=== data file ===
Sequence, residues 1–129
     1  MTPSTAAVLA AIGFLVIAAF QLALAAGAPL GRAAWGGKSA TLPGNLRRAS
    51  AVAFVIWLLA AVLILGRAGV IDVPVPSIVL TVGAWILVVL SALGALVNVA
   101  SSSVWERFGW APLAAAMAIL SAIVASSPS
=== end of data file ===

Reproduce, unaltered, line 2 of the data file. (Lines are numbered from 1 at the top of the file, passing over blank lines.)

     1  MTPSTAAVLA AIGFLVIAAF QLALAAGAPL GRAAWGGKSA TLPGNLRRAS